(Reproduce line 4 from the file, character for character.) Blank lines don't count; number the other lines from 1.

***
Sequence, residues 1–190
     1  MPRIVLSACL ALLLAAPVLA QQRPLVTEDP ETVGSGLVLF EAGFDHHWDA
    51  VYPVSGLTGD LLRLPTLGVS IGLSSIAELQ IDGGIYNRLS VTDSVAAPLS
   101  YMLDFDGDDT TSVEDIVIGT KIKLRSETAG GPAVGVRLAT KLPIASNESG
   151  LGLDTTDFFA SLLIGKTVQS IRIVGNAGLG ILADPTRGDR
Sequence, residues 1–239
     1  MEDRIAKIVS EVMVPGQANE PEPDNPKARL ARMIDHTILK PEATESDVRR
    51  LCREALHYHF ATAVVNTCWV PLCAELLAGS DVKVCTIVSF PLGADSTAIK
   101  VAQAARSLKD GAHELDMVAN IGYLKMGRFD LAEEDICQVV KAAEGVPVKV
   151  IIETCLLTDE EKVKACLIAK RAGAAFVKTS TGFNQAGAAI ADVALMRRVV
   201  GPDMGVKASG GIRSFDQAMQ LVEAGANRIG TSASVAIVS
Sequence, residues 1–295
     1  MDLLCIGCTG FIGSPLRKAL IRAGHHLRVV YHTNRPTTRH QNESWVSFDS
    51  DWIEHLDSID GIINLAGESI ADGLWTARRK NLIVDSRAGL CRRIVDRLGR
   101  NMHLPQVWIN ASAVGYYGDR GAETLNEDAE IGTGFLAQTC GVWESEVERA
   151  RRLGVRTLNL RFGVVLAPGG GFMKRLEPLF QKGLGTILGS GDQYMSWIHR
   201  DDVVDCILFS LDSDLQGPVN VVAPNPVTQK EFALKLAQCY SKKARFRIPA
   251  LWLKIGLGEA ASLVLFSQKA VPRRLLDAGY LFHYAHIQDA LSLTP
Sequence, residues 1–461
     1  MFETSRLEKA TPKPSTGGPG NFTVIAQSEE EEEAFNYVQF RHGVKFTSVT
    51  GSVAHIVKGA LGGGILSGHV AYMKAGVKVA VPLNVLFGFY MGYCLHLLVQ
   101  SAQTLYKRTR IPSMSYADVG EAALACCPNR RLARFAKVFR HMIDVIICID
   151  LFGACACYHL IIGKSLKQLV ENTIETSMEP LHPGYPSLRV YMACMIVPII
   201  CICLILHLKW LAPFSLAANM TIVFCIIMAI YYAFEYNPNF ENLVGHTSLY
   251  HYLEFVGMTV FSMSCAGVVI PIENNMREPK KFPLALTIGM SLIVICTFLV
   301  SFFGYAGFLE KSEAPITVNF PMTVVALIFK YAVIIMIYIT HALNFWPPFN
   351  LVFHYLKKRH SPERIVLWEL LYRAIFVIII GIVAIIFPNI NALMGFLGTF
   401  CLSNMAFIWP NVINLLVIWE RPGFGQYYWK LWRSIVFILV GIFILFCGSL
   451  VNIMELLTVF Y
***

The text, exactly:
   101  YMLDFDGDDT TSVEDIVIGT KIKLRSETAG GPAVGVRLAT KLPIASNESG